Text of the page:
The preferred embodiment shown in FIGS. 6 and 7 shows a preformed heat exchanger coil 1 wrapped around a cylindrically shaped sheet (or sleeve) of metal 55 such as copper which is slightly larger in diameter than a section of flue. Sheet 55 is not totally enclosed, but it has a small gap along its length. The cylindrically shaped sheet is soldered or brazed to the copper tubing 1 for approximately three-quarters of its circumference to enhance heat transfer. The region indicated by 90 degrees in FIG. 7 is not bonded to tubing 1, thereby allowing the sleeve to open and enclose the flue. Three sets of clamping tabs 58 are located at each end and in the middle in a gap between adjacent coils of tubing 1. Bolts 56 and nuts 57 are used through tabs 58 to insure sheet 55 fits securely around a flue section 2.
An alternate embodiment specifically for dual-use boiler installations is shown in FIG. 8. An interleaved coil flue heat exchanger 70 is shown wrapped over flue pipe section 2. It includes two separate conduits. Coil 71 plumbed into the domestic hot water return 13 and coil 72 plumbed into the hydronic heating return line 73. The method for forming this flue heat exchanger 70 is to coil two lengths of bendable tubing together resulting in the interleaved coils of sections 71 and 72. The plumbing is straightforward with the outlet end of coil 72 leading to circulator pump 40 through conduit 74 thus boosting the temperature of heating water that has been cooled by its flow through the various room hydronic heating units such as baseboard fin tube units or radiators. Similarly, the cold supply water at 7 uses the interleaved flue heat exchanger 70, a single section of flue pipe 2 can be used to recover waste heat year round regardless of whether the burner 6 is being fired to generate heat, hot water, or both. It is highly likely that circulator pump 40 will be running or that domestic hot water demand will occur while burner 6 is active or while flue pipe 2 is still hot from a recent firing. For dual-use installations, this maximizes the flue waste heat recover on a seasonal basis.
FIGS. 9, 9A and 9B show an alternate embodiment of a flue heat exchanger with particular gaskets 85, 86. This is because when two or more different types of metals contact each other, the metals may sometimes deteriorate, corrode or weaken at the point of contact. Therefore, while it is preferable that a flue heat exchanger may be constructed such that both the metal tubing 88 and the section 87 of flue piping that the metal tubing 88 is wrapped around are made from the same type of metal, preferably copper, modifications must be made if different metals are in contact with each other.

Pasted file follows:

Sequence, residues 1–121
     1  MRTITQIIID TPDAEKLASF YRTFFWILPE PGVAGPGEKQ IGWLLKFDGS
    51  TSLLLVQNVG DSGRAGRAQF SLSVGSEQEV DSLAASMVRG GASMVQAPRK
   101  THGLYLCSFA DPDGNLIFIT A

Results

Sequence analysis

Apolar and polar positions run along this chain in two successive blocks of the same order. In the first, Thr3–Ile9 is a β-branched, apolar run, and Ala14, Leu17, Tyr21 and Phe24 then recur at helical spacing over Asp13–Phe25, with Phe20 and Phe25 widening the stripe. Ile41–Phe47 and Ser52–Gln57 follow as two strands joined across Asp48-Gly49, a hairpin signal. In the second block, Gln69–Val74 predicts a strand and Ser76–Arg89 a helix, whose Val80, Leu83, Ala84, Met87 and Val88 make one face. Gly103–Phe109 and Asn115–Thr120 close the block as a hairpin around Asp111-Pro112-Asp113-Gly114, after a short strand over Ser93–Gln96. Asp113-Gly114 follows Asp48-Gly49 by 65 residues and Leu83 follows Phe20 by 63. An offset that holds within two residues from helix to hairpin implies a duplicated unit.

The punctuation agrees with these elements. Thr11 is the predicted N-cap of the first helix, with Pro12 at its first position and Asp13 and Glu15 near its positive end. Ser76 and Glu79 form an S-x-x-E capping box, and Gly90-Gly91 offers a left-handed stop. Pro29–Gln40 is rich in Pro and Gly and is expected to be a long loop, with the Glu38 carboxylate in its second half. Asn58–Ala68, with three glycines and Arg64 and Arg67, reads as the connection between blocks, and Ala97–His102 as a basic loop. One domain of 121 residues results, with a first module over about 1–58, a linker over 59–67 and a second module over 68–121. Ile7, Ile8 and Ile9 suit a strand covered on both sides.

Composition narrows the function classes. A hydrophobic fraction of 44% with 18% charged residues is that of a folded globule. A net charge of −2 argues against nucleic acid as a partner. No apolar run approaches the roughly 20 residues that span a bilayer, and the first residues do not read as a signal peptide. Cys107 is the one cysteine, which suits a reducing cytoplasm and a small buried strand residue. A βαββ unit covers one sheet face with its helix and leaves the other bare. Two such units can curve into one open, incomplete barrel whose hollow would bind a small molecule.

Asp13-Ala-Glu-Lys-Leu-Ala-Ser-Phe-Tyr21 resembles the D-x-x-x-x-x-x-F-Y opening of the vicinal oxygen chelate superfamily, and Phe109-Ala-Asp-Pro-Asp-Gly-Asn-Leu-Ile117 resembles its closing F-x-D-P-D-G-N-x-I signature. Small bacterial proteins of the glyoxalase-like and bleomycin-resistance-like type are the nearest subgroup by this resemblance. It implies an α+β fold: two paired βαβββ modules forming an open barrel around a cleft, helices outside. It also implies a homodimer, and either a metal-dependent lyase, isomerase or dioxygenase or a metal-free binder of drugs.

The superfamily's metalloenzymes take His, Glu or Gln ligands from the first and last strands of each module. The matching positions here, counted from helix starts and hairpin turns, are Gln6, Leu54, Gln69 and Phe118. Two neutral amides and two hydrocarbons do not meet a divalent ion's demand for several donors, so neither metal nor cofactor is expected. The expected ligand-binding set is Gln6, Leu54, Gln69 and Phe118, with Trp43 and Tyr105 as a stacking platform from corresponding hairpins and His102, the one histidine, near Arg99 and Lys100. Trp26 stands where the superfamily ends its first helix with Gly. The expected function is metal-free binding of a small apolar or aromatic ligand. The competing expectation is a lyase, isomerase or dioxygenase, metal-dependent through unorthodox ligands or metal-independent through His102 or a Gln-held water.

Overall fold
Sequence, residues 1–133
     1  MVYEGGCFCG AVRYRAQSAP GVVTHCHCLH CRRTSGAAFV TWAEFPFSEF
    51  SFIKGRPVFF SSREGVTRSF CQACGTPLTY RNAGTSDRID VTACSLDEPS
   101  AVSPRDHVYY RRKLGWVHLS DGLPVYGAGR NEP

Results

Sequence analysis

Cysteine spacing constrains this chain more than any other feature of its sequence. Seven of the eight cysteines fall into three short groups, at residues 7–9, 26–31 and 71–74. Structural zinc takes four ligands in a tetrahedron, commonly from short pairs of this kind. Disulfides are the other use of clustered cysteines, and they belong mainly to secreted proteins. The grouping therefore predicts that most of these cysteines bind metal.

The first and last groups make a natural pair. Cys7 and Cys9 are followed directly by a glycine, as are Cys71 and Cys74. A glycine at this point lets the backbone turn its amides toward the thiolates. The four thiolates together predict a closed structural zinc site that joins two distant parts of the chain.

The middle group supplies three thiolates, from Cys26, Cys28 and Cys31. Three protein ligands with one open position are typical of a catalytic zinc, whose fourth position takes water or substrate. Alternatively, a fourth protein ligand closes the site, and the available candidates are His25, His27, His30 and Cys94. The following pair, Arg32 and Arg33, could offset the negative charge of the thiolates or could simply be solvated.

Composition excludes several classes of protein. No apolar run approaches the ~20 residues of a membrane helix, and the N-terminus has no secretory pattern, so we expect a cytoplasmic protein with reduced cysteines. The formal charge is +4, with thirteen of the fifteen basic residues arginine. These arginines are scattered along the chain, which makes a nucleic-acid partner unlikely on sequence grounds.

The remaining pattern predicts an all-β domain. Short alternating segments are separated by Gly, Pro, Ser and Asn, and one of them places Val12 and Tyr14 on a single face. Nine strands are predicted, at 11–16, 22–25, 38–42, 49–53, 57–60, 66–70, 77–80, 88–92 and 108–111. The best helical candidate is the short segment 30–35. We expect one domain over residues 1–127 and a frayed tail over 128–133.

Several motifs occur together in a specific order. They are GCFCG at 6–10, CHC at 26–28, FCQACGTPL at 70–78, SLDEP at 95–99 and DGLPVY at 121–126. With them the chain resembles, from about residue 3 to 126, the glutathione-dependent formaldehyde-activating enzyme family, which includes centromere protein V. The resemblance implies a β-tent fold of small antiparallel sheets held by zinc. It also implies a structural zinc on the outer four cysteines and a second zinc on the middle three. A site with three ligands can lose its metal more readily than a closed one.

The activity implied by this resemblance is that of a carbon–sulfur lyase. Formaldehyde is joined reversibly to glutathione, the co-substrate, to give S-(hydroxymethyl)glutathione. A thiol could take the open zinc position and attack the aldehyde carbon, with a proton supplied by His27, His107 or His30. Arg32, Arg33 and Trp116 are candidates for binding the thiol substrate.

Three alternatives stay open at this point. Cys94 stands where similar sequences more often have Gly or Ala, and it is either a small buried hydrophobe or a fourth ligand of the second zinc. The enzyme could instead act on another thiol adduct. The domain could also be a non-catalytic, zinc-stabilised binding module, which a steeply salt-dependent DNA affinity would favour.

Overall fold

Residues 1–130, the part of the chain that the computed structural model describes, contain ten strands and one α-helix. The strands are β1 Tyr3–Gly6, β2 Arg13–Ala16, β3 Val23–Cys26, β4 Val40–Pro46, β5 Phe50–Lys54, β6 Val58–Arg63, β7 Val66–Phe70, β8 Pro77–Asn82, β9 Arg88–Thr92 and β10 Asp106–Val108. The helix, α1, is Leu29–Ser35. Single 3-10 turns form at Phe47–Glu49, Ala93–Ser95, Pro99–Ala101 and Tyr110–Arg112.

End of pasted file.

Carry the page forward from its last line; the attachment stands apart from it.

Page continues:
Therefore, FIGS. 9, 9A and 9B show a flue piping section 87 of a flue heat exchanger having metal tubing 88 wrapped around it, with flue piping section 87 having gaskets 85, 86 located at each end of flue piping section 87(preferably copper), such that the gaskets 85, 86 prevent direct contact between this flue pipe section 87 and the permanent flue pipe section which may be made from a different type of metal other than copper, to which flue pipe section 87 is attached.
The split external heat exchanger is yet another embodiment that is especially adapted for the “do-it-yourself” market as exemplified by the large chains of home improvement outlets. This design is simply placed over an existing flue pipe and bolted together. The flue pipe need not be disassembled. It also fits over seams in flue pipes so that the heat exchanger section can be longer than an individual section of flue as long as a total straight section of flue of sufficient length is available.
FIG. 10 shows a split heat exchanger 100 assembled over existing flue pipe 107. It includes two identical halves with heat exchanger element 102 formed within shell 101. Semi-circular end pieces and a layer of thermal insulation between heat exchanger element 102 and shell 101 can be added to reduce heat loss to ambient air, but they are not essential to good operation. Flanges 105 with multiple holes and bolts 106 are used to hold the two halves together tightly around flue 107. Nipples 103 and 104 are inlet and outlet (or reversed) nipples to permit liquid flow through heat exchanger elements 102. Three separate embodiments of heat exchanger elements 102 are described.